‘The Archive Hour’ - Joint Meeting with the MSA
Dr John Chambers, Professor Jennifer Hunter, Dr David Gray
The meeting was opened by Dr. John Chambers who, after asking for apologies and the minutes of the last meeting to be read, handed over to the new President, Professor Jennifer Hunter. Prof. Hunter introduced herself and remembered the first LSA meeting that she had attended 35 years ago almost to the day. Prof. Hunter then paid tribute and thanked Dr John Chambers for the very long standing commitment that he had given to the society firstly as secretary for 18 years and then as President for the last 2 years. She then introduced the topic and handed over to Dr David Gray.
Dr Gray reminisced about his days growing up in the late forties and early fifties and his Sunday visits to the University department with his father to see the dogs used for research into muscle relaxants, something he reflected would never happen today. He also spoke about the basic monitoring of ‘finger on pulse’ that was used by anaesthetists 40 years ago. He hoped that the outcome of the meeting would be to get into motion a committee that would archive and preserve all the artefacts from past practice including the films to be shown tonight.
Dr Gray introduced the first film made by Wellcome, which documented the origin and effects of curare. It introduced the drug and it’s effects on an isolated rat diaphragm. It then went onto show the effects of 15mgs of d-tubocurarine on an awake volunteer. At 2 minutes, he could not open his eyes and at 5 minutes his breathing was very shallow and his abdomen was very soft. After 20-30 minutes, he was able to stand with assistance (without the use of neostigmine). The next section showed the use of curare in ECT. To the gasps of the audience, a patient was given ECT without any kind of anaesthesia with the subsequent fit. The same patient was then given ECT with Thiopentone and curare which reduced the severity of the fits. Finally, the clinical use of curare was demonstrated for abdominal surgery. The patient was anaesthetised with Thiopentone and maintained with N2O/O2. 2mgs/14lbs of d-tubocurarine was given and surgery performed. Neostigmine was not used to reverse the neuromuscular block and it was thought by several members of the audience that this dated the film to the late forties/early fifties.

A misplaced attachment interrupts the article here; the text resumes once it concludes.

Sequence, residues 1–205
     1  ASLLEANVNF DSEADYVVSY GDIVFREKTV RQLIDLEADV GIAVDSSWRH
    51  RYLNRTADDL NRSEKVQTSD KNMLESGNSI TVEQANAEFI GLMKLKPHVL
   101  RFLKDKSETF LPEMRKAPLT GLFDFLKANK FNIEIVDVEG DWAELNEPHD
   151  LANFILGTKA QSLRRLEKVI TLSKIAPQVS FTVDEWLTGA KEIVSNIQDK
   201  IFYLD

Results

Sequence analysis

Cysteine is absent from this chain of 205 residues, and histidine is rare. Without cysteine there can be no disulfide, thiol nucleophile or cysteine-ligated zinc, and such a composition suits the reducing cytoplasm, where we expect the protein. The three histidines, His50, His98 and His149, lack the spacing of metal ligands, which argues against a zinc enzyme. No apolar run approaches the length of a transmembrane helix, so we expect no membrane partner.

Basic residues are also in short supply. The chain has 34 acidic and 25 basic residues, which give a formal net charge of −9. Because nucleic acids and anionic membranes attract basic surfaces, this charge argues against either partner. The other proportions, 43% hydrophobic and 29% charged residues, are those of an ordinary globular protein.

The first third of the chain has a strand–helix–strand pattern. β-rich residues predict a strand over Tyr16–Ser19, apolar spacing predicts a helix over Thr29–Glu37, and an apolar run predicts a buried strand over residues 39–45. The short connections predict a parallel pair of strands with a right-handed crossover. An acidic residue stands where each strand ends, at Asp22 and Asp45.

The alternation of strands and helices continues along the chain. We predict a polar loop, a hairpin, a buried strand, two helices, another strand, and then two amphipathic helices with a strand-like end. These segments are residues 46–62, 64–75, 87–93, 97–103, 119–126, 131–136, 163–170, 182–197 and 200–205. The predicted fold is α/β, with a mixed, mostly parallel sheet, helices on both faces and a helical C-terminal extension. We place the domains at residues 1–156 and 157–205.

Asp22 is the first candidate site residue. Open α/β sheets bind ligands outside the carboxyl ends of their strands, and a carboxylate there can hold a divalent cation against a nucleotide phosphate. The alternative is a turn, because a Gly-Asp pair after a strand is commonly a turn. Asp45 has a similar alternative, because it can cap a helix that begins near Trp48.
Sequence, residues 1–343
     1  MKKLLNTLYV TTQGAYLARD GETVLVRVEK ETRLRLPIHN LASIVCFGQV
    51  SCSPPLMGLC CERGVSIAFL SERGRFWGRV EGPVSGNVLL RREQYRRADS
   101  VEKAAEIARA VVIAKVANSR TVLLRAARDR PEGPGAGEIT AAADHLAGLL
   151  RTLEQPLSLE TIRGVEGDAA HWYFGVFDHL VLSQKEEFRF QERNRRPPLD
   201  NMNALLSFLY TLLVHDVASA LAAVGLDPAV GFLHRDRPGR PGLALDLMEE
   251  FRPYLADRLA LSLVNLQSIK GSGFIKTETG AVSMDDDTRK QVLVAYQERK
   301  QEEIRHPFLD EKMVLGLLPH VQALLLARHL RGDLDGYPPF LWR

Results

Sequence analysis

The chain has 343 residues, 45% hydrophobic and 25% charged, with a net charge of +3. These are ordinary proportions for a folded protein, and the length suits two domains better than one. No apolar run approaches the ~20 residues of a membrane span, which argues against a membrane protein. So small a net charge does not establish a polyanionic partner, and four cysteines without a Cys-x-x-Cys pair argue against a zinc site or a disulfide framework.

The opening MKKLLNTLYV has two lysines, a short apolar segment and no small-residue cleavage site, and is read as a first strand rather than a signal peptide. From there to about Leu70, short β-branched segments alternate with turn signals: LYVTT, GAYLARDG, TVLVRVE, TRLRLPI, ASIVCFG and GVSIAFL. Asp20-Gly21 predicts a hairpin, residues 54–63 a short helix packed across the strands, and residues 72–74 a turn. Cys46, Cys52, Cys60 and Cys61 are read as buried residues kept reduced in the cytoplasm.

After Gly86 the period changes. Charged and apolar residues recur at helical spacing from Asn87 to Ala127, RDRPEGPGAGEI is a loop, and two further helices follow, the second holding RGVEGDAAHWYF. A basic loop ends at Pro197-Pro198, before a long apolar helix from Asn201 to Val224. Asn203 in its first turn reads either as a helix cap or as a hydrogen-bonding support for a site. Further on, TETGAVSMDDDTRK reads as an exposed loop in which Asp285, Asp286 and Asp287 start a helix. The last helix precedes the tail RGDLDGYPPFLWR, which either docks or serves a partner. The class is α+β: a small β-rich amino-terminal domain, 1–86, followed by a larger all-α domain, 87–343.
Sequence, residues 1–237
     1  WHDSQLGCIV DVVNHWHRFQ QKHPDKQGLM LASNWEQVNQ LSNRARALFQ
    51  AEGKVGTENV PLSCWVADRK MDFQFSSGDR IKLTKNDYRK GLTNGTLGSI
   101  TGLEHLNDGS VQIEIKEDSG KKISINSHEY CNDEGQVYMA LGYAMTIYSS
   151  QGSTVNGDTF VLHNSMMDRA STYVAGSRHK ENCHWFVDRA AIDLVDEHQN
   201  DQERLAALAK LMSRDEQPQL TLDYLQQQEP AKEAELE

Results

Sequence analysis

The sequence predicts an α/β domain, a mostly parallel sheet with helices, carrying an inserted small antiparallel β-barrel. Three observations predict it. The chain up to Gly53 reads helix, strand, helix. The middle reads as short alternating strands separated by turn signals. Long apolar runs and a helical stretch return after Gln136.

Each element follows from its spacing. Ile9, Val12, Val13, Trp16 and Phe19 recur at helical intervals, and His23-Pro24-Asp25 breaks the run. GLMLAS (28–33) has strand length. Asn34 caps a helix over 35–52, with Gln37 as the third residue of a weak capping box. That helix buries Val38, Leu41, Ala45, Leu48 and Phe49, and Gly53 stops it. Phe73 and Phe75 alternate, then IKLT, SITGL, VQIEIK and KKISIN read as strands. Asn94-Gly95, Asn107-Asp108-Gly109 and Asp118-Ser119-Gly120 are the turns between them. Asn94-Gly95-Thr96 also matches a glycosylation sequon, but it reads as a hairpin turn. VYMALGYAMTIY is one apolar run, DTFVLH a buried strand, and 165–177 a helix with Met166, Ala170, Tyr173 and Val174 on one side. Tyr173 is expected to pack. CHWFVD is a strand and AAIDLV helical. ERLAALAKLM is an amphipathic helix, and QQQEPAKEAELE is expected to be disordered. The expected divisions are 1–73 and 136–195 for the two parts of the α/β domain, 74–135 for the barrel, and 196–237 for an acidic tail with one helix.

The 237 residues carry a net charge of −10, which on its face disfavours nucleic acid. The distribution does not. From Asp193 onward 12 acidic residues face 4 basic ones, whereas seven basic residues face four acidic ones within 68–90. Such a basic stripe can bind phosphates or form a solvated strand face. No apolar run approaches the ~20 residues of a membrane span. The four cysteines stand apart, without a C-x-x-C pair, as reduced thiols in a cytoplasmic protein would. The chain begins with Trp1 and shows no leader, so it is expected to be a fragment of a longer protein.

The second film demonstrated the use of curare for both bronchoscopy and laparotomy. The third film which was identified as having been made in Liverpool and showed the use of curare in a patient being cooled to have a porto-caval anastomosis. It featured Prof Cecil Gray and Dr Jackson Rees with the patient being cooled to 31.5oC. There were then a number of still photos of members of the anaesthetic training course over the years.
The vote of thanks was given by Dr Janice Fazackerley and the meeting ended at 20.30.